Sunday, November 28, 2010

Ian Dunbar Seminar: Providing Feedback to Our Dogs

One of Ian’s biggest criticisms of dog training today has to do with how we are providing feedback to our dogs. He believes that the vast majority of training is done with what he calls “Non-instructive Quantum Feedback,” while dogs would be much better off if they received “Instructive Analog Feedback.” It’s an interesting distinction, and today I’d like to spend some time explaining the difference, and why Ian’s so adamant that we switch over to the latter.

First, let’s break down what he means by these terms, starting with “Non-instructive Quantum Feedback.” “Non-instructive” means that the training simply provides consequences, either desirable (click and treat) or undesirable (collar correction), but does not explain why the action was correct or incorrect, nor to does it explain what the dog ought to do in the future. “Quantum” means that that the feedback can be counted in measured in some way. This makes it a simple response, and devoid of emotion.

“Instructive Analog Feedback,” on the other hand, is basically the opposite. “Instructive” means that we tell the dog what we want, either prior to the behavior (by using a lure), or after the dog does it wrong (by explaining what we wanted instead). “Analog” means that the feedback expresses value, which is difficult to measure. Ian does this by using his voice.

You will notice that this does not reference the four quadrants in any way. As I’ve previously written, Ian finds most of learning theory to be unnecessary to dog training, and he says the quadrants fall into that category. Instead of looking at feedback in one of those four ways, he sees it as binary: things either get better, or they get worse.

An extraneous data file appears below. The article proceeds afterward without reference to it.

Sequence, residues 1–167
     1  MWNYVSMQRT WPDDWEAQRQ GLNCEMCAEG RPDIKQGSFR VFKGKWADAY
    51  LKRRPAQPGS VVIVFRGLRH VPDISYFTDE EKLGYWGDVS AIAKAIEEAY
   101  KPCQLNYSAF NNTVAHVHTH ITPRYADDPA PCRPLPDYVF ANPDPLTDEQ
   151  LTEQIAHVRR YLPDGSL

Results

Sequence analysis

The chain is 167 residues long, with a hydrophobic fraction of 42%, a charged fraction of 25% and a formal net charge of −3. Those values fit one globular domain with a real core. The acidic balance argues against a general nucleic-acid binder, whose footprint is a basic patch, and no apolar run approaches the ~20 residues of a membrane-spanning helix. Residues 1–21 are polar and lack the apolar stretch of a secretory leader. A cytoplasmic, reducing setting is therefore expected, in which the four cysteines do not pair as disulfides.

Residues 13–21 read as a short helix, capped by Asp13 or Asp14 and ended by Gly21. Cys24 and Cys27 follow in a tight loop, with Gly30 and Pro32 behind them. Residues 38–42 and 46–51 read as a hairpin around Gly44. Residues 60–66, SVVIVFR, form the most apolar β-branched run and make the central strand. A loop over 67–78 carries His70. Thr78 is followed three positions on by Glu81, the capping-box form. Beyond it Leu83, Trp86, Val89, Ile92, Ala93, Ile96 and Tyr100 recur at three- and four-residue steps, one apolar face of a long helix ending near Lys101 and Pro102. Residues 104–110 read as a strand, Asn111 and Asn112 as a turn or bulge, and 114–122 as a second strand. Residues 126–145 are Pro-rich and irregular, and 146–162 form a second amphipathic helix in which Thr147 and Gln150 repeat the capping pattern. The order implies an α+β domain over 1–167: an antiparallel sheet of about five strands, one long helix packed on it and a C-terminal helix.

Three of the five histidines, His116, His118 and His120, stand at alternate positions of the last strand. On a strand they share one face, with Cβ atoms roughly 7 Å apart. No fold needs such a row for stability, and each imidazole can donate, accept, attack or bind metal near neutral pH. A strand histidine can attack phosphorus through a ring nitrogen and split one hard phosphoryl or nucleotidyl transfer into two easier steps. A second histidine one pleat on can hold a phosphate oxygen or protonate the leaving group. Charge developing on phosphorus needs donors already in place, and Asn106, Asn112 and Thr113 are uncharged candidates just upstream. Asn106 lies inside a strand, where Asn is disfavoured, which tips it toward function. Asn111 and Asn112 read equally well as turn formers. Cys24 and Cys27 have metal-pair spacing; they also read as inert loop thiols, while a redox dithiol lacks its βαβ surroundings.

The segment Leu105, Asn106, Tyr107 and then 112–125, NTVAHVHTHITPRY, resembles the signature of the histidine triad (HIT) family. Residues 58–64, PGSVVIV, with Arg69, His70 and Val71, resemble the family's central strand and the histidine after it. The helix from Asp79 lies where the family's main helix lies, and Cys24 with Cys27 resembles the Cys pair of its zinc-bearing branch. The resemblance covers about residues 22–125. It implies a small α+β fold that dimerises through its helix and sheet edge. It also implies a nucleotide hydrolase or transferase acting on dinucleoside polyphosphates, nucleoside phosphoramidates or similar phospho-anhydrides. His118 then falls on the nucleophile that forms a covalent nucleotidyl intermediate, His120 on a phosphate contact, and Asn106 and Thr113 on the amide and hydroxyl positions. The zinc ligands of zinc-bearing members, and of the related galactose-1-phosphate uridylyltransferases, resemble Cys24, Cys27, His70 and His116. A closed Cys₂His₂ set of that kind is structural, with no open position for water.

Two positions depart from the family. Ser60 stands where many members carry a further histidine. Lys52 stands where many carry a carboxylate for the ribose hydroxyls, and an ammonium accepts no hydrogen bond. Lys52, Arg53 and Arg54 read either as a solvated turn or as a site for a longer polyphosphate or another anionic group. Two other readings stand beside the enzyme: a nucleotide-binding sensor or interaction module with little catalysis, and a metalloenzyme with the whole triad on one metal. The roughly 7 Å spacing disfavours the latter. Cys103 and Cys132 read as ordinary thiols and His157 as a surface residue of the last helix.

Instead of worrying about terminology (which is pointless anyway, because your intention and the dog’s perception may not match up), Ian says there are three types of feedback that people use. We reward the behavior somehow, we punish the behavior somehow, or we do nothing. Similarly, there are three ways of combining this feedback.

First, there’s the “old way,” of punishing all incorrect behaviors, but doing nothing when the dog gets it right. In this example, the dog often has no clue why he’s getting punished. It also relies on the use of painful consequences, such as a collar correction, which Ian says (and I agree) are unnecessary for dog training.

Then, there’s the “new way,” of rewarding the desired responses and ignoring the rest. Shaping falls into this category, and Ian isn’t a fan of it. He believes that dogs find shaping frustrating due to the lack of feedback when the trainer is silent. While I certainly believe that it would be frustrating to go “several minutes” without a click, if you find this happening during your shaping sessions, you’re doing it wrong. Shaping should split the criteria up into tiny increments; I once heard Kathy Sdao say that, during a shaping session, you should be clicking roughly every three to five seconds.

Ian also said that he doesn’t like shaping because if you click the wrong thing once, the dog will persist with that action, and you’ll be stuck there for long periods of time. Certainly you get what you click, but a single mis-click is pretty easy to overcome, especially if your criteria is split out well and your rate of reinforcement is high.

Finally, there’s the Ian’s preferred method: using both rewards and punishment. He believes using both helps the dog figure out the task faster. Keep in mind that he believes it’s possible to punish the dog without pain, so he is not combining collar corrections with treats. Instead, he’s using feedback that is instructive and analog, and he uses his voice to accomplish this.